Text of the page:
On a late-night dogwalk I passed this display table in the window of a store on Crosby Street.
I was struck by the unusual design of the legs, which flare out in both the X- and Y-axes to meet the apron:
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In other words, surface B wraps around to blend into surface C in the crude sketch below, which was what I envisioned in my head as I was looking at the table.
There’s two sketches because I wasn’t sure what surface A would look like if the top were removed. To find out, I crouched down to get a look from underneath and found a couple of surprises:
Surprise #1. The plywood corner braces. No metal hardware here, just simple strips and triangles. You can see the dots where they’ve been attached with a pin nailer. I expected something more elegant, so here was a reminder that if the customer’s never gonna see it, it doesn’t matter what they look like.
Surprise #2. The center support appears to be solid wood. (You can see edge grain and I doubt they veneered it.) Given that this part will never be seen, I’m surprised they didn’t use less expensive plywood. While a single piece of 3/4″ plywood might sag over the span, I think if they doubled it up it would do fine. There must be some production reason why it was more economical to use solid wood.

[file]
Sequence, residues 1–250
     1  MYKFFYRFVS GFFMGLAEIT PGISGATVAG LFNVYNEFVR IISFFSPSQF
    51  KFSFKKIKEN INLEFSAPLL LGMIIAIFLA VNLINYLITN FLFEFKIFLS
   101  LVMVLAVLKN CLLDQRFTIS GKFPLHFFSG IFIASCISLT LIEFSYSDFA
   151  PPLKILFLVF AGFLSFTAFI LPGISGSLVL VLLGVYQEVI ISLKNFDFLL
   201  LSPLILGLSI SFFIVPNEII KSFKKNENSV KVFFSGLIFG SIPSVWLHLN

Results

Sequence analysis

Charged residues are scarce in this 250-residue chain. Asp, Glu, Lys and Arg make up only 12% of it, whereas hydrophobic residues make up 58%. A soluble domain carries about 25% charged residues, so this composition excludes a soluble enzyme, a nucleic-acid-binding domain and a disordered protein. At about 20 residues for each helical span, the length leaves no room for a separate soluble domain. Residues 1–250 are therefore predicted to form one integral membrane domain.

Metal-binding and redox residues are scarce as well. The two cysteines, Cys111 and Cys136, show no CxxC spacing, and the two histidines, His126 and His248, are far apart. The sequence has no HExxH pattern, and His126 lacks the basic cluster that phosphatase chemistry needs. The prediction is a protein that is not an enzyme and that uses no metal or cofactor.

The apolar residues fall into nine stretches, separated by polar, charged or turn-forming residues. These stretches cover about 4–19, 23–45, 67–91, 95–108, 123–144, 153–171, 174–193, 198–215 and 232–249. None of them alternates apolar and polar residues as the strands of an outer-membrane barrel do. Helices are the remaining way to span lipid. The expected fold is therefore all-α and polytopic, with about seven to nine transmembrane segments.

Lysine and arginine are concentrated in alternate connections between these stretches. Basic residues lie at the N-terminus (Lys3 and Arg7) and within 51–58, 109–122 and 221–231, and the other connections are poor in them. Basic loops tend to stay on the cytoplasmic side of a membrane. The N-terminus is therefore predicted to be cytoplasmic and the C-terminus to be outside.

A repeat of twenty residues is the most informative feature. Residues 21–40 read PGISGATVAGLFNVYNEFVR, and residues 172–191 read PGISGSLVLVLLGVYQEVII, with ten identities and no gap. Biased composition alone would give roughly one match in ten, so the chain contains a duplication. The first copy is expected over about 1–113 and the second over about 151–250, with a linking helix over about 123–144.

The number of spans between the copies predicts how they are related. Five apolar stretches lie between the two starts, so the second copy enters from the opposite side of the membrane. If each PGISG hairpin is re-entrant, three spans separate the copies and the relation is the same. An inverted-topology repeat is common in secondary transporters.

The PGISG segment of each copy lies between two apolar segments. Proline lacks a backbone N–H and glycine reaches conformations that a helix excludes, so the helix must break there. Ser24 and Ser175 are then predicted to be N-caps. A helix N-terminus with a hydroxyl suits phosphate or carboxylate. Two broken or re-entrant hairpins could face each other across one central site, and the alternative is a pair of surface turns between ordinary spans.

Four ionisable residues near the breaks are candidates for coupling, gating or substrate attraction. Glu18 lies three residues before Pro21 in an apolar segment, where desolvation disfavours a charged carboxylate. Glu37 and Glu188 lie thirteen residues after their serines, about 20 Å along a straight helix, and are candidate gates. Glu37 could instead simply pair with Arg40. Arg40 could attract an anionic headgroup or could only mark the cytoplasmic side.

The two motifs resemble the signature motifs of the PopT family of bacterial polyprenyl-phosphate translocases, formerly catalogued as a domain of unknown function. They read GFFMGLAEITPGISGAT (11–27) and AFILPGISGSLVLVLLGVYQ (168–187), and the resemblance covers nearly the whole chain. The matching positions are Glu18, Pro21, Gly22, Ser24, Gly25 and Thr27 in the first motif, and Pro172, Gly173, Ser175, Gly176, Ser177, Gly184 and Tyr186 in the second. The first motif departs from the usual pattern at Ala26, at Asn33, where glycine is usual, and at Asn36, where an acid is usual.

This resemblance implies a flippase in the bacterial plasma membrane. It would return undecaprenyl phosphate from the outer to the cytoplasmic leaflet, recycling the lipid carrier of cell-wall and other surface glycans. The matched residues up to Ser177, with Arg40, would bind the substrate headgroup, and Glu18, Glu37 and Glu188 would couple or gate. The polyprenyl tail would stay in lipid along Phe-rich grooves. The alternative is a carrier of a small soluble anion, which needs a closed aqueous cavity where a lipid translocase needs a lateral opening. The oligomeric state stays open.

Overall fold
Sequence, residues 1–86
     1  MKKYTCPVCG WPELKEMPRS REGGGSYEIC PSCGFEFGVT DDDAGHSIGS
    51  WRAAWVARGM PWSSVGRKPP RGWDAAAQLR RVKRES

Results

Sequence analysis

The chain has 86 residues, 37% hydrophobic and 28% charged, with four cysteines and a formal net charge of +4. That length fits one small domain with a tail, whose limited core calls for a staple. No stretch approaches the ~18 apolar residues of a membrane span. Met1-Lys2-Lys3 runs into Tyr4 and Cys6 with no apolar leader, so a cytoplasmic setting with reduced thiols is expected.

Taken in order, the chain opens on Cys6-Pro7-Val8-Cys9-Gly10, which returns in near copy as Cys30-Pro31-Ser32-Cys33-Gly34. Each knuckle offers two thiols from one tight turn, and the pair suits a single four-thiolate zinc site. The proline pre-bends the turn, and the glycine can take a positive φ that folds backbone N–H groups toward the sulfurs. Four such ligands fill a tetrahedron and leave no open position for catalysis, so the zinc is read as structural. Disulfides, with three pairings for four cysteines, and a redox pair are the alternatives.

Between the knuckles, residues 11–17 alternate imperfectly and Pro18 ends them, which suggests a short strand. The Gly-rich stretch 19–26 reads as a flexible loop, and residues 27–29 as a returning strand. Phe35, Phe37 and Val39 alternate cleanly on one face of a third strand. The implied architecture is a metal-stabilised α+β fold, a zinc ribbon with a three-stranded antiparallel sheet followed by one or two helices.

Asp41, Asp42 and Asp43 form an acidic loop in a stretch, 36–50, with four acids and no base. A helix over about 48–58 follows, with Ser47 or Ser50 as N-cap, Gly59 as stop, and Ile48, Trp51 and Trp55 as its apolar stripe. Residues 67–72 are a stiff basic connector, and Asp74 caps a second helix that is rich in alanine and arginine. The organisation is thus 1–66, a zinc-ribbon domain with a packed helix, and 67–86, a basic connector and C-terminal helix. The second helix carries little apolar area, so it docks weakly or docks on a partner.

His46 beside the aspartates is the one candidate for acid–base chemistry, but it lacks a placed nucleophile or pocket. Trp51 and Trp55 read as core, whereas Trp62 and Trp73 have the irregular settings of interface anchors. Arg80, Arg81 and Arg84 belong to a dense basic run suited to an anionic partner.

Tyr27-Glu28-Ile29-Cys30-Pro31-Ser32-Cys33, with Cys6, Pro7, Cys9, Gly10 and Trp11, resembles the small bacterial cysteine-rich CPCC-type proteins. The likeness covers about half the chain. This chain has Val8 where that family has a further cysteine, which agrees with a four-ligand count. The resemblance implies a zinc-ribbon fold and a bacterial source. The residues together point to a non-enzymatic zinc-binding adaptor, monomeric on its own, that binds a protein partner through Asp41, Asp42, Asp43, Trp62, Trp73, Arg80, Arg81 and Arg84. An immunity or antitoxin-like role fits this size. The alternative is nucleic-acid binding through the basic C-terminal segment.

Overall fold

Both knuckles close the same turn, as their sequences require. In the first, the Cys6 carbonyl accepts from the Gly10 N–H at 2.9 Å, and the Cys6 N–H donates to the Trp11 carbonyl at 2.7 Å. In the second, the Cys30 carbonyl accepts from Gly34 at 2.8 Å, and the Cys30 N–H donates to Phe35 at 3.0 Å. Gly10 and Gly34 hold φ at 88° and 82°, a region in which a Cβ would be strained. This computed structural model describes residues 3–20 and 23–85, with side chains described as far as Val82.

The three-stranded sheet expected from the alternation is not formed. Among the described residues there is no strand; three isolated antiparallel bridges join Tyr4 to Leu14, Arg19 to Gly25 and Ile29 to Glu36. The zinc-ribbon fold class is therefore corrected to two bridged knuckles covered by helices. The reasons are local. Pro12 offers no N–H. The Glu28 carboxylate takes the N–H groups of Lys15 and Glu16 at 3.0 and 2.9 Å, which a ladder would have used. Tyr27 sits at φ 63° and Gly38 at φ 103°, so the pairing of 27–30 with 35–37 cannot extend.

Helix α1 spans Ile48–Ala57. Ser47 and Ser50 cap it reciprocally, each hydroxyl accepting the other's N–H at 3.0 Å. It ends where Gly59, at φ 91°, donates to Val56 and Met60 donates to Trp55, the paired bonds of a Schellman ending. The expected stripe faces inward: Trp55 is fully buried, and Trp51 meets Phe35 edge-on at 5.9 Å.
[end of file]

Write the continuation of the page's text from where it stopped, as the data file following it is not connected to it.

Surprise #3: Now that I could see that the legs are actually shaped like sketch 2 above, it surprised me to see that they were actually one piece of solid wood, not some composite pieces that had been veneered. The telltale is the change in grain on sides of the legs perpendicular to each other. In the image below, you can see it’s going from face grain on surface D to edge grain on surface E. (It was quite dark so I’ve lightened the photos artificially in an effort to reveal detail, sorry for the poor quality.)
By crouching down a bit more I found the true giveaway that these legs were solid wood: At the undercut, you can see endgrain.
Now I corrected myself: There’s no way that these legs would be fabricated from a single piece of stock, as in sketch #2 above. To remove that much material, in that cleft on the inside of the legs, would be inefficient. So I looked for some proof that they were made in some other way, and I found it here:
Now you can see a very faint line bisecting the leg:
In other words each leg is made from two pieces of stock, an X-axis side and a Y-axis side, mitered lengthwise at a 45-degree angle and then joined at the miter (the dotted line in the sketch below).
That makes much more sense.
In any case, the store is the New York outpost for Mud, an Australian handmade ceramics brand started by designer Shelley Simpson. I did a little research on them and they have stores all around the world, and for their displays they all use the Vitsoe 606 Universal Shelving System designed by Dieter Rams. In other words Simpson or whoever designed the store has a taste for high design.
The tables in question, different sizes but all the same design, show up in photos of other Mud stores around the world…
…but I was unable to determine who the designer is. If anyone knows, please do comment. And if you live in New York and want to check the tables out, the store is on Crosby between Prince and Spring.